Blackstone, the giant private equity firm found to be in close financial ties with elements largely responsible for arson in the Amazon, also reportedly fired back at Warren, painting her as an extremist, after the latter sent out a video portraying Wall Street investors as con men and carrying the tagline: “Stop Wall Street looting.” 

Facebook, too, has been suspected of aiding an anti-Warren campaign after a non-profit education policy website co-founded by Facebook’s chief news executive published several articles attacking Warren, one of which referred to the Massachusetts senator as “the second coming of Karl Marx.” It should be mentioned that Warren has been a longtime critic of the social media giant, and on several occasions proposed to break up the company, along with several other massive tech platforms, in order to dial up regulation over their practices and avoid “illegal and anticompetitive tech mergers.”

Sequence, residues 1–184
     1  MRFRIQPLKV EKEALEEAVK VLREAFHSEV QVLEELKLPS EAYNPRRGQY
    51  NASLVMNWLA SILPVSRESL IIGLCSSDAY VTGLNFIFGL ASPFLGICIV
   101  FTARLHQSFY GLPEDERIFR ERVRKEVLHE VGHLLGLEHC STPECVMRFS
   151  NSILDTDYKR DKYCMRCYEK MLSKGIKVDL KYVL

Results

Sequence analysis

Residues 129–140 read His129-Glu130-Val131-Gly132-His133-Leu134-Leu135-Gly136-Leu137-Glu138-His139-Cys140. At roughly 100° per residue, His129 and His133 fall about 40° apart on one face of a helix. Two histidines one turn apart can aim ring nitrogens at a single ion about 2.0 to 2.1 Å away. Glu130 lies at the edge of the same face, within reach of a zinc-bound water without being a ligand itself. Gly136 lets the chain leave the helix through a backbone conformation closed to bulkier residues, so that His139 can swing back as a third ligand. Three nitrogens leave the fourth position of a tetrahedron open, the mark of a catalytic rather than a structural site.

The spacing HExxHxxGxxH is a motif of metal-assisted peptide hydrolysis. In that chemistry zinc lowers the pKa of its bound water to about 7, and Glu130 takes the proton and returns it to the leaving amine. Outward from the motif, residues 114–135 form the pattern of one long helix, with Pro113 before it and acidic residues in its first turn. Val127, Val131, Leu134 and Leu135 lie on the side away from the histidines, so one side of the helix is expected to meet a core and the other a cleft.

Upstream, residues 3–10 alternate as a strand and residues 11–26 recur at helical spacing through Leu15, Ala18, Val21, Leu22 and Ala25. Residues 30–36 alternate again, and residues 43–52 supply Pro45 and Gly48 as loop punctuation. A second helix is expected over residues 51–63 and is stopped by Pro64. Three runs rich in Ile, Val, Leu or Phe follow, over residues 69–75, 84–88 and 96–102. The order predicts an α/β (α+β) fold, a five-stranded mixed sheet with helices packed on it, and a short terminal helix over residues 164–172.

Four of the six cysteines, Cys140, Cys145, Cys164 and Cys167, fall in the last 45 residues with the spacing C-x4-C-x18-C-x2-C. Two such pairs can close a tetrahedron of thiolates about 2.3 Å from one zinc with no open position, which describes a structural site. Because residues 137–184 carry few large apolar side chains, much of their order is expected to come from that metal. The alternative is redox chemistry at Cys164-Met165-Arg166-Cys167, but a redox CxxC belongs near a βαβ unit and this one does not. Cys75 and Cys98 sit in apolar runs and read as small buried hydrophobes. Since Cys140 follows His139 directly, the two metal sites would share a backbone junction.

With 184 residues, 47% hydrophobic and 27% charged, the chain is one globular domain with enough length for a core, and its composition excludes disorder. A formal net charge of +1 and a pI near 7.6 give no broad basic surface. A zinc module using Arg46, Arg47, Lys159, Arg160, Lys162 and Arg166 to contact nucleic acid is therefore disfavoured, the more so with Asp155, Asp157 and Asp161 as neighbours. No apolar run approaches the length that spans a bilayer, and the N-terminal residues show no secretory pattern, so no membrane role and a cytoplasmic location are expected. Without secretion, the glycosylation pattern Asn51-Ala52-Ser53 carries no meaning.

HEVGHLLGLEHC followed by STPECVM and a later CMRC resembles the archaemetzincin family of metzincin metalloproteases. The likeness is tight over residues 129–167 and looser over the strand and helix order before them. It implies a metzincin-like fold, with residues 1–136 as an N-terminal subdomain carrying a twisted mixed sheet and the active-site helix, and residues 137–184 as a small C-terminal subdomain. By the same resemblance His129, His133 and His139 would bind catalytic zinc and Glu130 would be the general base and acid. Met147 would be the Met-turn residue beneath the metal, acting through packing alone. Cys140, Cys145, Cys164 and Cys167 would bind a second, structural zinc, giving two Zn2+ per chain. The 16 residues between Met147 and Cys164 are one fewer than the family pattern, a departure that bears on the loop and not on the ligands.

The rattling of the finance industry in the face of Warren’s campaign and the firms’ orchestrated attack on her hardly constitute a surprise. As pointed out by The New York Times, the finance industry has always resisted regulation and lobbied its way to sizable bailouts at the expense of the average American citizen. Now, we get a clear view of how intimately connected the financial industry is to the political sphere, and how aggressively it fights to protect its interests and status.